'˜Why I am happy to educate my child at home'

When Jennifer Byrom's second child became bored and unhappy at secondary school in Calderdale, he was given the option to be educated at home.

Jennifer and son Alfie Byrom, who is home-schooled, pictured at home in Hebden Bridge.  Picture Bruce Rollinson
Jennifer and son Alfie Byrom, who is home-schooled, pictured at home in Hebden Bridge. Picture Bruce Rollinson

Seven years ago, she said, her son Arthur was not particularly happy there and he sometimes felt ill and didn’t want to attend.

“We didn’t think much of the homework given to him and he wasn’t really interested in what he was doing,” she explained. “We eventually gave him the choice, carry on or home education. At 13 he decided to follow that path.”

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Arthur, now 20, would go on to sit three GCSEs and then start an Open University degree early, achieving a 2:1 aged 19, before going on to work in Manchester.

Ms Byrom, from Hebden Bridge, said: “He became a happier child being at home.”

So when it came to educating her youngest son Alfie, 11, it wasn’t a difficult decision.

She said: “Alfie attended a Steiner kindergarten and then a Montessori school until he was seven. We did visit local primary schools thinking he might go there, but we decided that we prefer the freedom of home education.”

Ms Byrom and her husband teach Alfie some of the time –mainly maths, science and history. The couple also run their own business and the mother-of-three works from home part-time.

Alfie attends the Burn and Brae Wilderness school each Tuesday and the Hebden Bridge School on a Thursday. He also participates in a lot of other structured activities during the week including chess, music, dancing and art.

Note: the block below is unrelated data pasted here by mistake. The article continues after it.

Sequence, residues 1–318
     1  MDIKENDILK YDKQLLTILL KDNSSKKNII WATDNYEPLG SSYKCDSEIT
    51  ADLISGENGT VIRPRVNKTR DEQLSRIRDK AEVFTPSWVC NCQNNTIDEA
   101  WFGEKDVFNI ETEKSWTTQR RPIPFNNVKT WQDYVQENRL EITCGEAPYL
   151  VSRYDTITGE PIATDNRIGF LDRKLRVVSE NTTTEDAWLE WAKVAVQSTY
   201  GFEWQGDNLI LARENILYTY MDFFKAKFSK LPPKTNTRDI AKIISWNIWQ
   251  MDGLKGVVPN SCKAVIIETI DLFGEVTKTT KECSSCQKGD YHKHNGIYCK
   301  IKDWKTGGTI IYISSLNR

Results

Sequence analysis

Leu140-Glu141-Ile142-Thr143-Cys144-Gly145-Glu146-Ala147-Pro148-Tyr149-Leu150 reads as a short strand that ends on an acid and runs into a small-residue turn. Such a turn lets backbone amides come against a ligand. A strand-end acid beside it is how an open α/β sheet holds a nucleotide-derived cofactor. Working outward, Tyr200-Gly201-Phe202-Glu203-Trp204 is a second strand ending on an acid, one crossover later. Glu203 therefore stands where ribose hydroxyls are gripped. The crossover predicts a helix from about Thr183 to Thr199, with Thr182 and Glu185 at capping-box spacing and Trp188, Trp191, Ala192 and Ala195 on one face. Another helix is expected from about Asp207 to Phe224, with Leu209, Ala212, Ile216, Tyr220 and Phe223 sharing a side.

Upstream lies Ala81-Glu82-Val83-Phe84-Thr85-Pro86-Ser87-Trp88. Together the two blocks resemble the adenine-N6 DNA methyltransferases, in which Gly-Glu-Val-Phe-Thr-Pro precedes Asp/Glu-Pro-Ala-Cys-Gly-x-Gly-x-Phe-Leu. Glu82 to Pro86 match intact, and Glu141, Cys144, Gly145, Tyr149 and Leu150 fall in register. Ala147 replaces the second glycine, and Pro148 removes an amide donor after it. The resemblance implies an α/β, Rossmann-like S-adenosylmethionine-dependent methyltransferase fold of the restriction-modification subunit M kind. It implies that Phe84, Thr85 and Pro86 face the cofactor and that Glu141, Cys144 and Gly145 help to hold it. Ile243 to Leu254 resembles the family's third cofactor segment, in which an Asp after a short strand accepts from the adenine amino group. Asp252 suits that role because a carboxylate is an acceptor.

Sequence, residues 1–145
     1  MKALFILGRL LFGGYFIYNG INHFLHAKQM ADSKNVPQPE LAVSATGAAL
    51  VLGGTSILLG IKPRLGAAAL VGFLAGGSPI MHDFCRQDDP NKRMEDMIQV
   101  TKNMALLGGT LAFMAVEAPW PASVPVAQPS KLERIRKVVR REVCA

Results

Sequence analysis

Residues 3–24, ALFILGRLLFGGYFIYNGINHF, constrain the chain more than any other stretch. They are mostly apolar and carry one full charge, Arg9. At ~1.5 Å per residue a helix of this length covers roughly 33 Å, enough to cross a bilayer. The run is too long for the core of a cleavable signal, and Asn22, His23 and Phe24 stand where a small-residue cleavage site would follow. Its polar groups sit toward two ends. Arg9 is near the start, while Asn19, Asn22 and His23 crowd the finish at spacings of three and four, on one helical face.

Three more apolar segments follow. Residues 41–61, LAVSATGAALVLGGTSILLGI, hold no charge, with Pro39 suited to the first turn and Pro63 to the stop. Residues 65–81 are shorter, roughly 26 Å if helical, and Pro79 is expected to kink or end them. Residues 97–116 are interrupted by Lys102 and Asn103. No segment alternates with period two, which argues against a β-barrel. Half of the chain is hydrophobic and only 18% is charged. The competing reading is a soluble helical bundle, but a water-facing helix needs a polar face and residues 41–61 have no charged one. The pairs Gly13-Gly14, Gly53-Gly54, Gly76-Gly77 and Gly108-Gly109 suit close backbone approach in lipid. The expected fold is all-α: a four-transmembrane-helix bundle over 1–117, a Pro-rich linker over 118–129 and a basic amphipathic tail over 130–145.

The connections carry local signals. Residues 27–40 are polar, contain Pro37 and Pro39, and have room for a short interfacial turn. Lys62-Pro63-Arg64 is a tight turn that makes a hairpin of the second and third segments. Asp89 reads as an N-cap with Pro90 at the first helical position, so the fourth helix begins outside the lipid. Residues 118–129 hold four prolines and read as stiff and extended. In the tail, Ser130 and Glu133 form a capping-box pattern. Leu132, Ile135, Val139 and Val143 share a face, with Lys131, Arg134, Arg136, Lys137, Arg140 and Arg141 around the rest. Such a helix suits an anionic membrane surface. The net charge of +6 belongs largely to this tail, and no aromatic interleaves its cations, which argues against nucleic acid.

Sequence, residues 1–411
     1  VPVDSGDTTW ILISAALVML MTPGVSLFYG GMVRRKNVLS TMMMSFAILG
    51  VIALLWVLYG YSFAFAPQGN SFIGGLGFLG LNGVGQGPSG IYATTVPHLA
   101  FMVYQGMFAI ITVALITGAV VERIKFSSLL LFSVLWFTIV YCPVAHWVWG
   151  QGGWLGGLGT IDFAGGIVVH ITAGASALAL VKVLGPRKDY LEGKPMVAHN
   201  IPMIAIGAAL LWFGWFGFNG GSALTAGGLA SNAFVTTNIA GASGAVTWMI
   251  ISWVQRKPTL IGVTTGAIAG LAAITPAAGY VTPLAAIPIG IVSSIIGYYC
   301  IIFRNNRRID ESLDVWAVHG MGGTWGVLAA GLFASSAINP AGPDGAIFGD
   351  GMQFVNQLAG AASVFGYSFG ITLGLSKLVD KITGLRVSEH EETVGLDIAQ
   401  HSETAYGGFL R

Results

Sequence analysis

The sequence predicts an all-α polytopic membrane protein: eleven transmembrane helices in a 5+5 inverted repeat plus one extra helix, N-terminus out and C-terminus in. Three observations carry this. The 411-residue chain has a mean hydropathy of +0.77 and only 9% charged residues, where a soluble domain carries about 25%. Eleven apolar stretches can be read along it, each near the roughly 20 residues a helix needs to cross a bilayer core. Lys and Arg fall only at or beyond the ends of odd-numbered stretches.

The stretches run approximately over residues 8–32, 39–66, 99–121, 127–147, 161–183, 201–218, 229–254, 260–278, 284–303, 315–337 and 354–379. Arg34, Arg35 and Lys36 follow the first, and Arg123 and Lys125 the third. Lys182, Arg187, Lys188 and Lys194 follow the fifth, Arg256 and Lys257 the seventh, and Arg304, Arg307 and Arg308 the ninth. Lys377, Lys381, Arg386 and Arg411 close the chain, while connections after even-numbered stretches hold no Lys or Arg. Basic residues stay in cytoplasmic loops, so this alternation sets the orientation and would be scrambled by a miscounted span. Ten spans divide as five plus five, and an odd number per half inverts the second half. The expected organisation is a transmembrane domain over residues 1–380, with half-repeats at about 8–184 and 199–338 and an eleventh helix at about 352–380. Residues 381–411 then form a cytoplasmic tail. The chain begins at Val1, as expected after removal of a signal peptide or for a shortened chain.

Ms Byrom said: “We wanted him to concentrate on what he found most interesting and we wanted to be involved in his learning.

“A big thing for us was more free time for him and us as a family. As he is our third child, we had no worries about it because we knew we could make it work for him and he would have a good education.

“Because he has more time and is less tired, he can do more after-school activities than most children.”

Alfie does participate in some structured learning at home, said Ms Byrom, with online resources including the Kahn Academy and BBC Bitesize.

And conversations about TV documentaries, such as Blue Planet, as well as things he has seen or heard often lead to studying topics that have sparked Alfie’s interest.

Ms Byrom said: “As a family we travel a lot and do house swaps. This year we went to Montreal for three months and swapped with a family that home educates. We have also taken him to Vancouver and Singapore, and this year we have also been to Loch Lomond and the Barbican in London.

“We just feel that because he is not at school he is able to do so much.”

In response to any critics who feel home schooling may be isolating, Ms Byrom said Alfie mixed with children of all different ages, as well as adults, through his wide range of activities.

She said: “Overall he’s a very happy child.”

There are also groups of home educators across Yorkshire that arrange meet-ups with their children, explained Ms Byrom.

She said: “Home education is growing. I see so much more going on now. I would definitely recommend it. There are ways to make it work for every family I believe.

“What is better than to give your child the best education and spend more time with them?”